There is no endless urban sprawl Taskforce disagrees with Minister

10 October 2010

The Urban Taskforce has rejected todays suggestion by Federal Government that the nation was suffering endless urban sprawl. On the Sky News Australian Agenda program this morning, the Minister for Environment, Population and Communities, Tony Burke, said that the idea of thinking that its somehow good for the economy to continue to engage in endless urban sprawl I dont think thats sound.

The Urban Taskforces chief executive, Aaron Gadiel, said Mr Burkes comments did not match up with the considered comments of the governments expert advisors.


Mr Bukes own National Housing Supply Council has said that we have a national housing shortfall of 178,000 homes, with a projection for it to grow to 308,000 dwellings over the next four years, Mr Gadiel said.


The council identified institutional constraints that are making it difficult to supply enough housing in NSW, south-east Queensland, Perth and Melbourne.


There is no sign of ˜endless urban sprawl just clear evidence that our cities are not growing rapidly enough.

Mr Gadiel said that data from the Council of Australian Governments Reform Council suggest increasing social concerns are a consequence of an undersupply of housing.


The Reform Council says “there is strong evidence of a disconnect between supply and demand in the housing market, resulting in a shortage of supply that has led to an increase in housing costs”.


According to the Reform Council, a massive 37 per cent of low-income renter households are officially in rental stress”that is, they are paying more than 30 per cent of their gross household income in rent, Mr Gadiel said.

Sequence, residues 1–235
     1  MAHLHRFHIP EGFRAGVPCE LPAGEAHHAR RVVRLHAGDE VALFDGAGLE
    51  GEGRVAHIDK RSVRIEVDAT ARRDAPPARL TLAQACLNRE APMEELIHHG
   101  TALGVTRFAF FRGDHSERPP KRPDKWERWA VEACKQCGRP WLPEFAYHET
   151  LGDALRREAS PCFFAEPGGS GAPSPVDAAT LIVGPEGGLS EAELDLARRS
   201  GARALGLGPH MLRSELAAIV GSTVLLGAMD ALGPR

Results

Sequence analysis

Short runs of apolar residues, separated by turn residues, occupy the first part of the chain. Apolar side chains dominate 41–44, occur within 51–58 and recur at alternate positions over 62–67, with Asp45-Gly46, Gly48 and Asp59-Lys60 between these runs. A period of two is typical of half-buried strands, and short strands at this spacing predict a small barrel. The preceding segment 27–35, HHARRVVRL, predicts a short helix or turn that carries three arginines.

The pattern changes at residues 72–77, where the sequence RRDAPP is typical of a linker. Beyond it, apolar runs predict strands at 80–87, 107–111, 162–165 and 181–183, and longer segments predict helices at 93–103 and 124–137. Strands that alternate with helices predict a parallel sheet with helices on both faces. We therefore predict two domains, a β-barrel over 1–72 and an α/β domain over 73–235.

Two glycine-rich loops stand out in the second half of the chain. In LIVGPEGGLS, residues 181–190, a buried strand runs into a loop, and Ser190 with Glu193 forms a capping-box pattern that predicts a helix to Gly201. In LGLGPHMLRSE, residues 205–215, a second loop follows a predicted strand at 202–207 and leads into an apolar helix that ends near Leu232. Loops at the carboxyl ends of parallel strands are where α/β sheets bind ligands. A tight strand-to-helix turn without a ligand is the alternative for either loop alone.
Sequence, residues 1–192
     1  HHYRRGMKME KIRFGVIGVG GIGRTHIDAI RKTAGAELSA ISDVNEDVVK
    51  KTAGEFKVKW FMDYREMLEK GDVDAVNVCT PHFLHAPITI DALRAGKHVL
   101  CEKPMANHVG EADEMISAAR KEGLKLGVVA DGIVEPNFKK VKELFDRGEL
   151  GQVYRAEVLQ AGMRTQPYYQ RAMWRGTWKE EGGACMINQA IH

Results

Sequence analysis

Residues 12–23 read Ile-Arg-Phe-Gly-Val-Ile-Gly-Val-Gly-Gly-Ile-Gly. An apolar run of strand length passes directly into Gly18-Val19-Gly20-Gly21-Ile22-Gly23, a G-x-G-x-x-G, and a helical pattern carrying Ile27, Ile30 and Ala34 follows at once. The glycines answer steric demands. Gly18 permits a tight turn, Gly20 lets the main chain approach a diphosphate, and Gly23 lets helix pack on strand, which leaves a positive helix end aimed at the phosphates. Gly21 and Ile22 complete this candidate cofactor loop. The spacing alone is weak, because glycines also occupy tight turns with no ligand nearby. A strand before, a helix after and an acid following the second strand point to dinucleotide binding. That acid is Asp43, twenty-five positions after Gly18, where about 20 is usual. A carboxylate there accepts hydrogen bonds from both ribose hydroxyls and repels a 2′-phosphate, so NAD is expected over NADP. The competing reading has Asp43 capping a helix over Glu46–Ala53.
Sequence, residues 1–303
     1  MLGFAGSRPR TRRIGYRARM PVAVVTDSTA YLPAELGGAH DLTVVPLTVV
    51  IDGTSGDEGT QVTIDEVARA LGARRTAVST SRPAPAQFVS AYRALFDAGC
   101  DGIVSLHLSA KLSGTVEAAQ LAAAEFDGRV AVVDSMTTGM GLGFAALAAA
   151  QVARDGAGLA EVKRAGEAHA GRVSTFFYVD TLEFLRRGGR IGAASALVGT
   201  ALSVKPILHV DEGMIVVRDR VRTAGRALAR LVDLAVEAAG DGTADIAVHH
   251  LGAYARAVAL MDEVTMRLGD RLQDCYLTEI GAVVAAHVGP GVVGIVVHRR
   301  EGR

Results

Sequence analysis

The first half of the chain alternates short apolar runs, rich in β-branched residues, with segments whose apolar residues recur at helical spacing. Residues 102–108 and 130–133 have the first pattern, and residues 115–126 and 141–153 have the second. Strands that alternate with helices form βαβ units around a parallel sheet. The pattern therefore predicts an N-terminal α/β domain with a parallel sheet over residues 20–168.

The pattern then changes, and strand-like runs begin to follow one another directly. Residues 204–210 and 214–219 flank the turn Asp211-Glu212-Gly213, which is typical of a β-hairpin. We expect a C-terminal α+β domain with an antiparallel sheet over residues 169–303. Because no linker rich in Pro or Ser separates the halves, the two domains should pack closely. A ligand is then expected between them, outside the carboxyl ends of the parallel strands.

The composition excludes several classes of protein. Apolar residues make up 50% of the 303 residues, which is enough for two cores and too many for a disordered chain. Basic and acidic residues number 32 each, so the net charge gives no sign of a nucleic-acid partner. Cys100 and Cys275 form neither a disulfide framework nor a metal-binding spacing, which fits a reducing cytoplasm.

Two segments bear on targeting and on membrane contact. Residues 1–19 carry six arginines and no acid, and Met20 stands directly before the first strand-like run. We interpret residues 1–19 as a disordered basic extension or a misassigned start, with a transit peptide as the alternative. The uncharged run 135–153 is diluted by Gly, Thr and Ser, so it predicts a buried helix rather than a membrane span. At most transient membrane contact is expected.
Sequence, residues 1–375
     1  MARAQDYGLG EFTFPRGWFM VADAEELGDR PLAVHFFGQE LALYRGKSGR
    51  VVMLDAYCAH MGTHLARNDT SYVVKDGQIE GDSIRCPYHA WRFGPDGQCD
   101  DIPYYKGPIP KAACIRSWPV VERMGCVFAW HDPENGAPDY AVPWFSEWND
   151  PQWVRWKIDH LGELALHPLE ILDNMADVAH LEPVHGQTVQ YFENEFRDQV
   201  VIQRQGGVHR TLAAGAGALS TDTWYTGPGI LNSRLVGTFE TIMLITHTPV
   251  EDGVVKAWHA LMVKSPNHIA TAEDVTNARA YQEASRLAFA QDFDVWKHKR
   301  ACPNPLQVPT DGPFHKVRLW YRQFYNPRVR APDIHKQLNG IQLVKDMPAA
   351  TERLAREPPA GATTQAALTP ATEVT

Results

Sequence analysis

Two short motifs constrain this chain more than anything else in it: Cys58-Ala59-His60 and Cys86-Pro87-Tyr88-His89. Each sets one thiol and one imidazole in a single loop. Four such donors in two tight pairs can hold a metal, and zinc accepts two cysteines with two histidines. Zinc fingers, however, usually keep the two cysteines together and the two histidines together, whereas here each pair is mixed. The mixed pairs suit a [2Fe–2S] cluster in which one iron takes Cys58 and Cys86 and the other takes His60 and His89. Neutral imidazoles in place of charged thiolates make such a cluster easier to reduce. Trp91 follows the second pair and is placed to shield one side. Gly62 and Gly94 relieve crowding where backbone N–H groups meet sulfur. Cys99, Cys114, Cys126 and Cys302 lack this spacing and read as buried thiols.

The proportion in NSW is significantly higher, with almost half of all low-income renter households”46 per cent”in rental stress.


Mr Gadiel said that only 28 per cent of homes sold are affordable to moderate-income households.


“Victoria which has had Australia’s most robust supply of new housing – has the highest proportion of homes affordable to moderate-income households – 41 per cent,” he said.


In Western Australia, where the housing supply has struggled to keep up with the demands of the mineral resource boom, a very low proportion of homes” just 10 per cent”are affordable to moderate-income households.


The proportions of homes affordable to moderate-income households in Perth and Brisbane are very small”only 6 per cent and 10 per cent, respectively.


The housing undersupply is creating social and economic problems across our community, yet the Federal Government is talking as if there is a risk of too much housing being supplied.


The Urban Taskforce is a property development industry group, representing Australias most prominent property developers and equity financiers.


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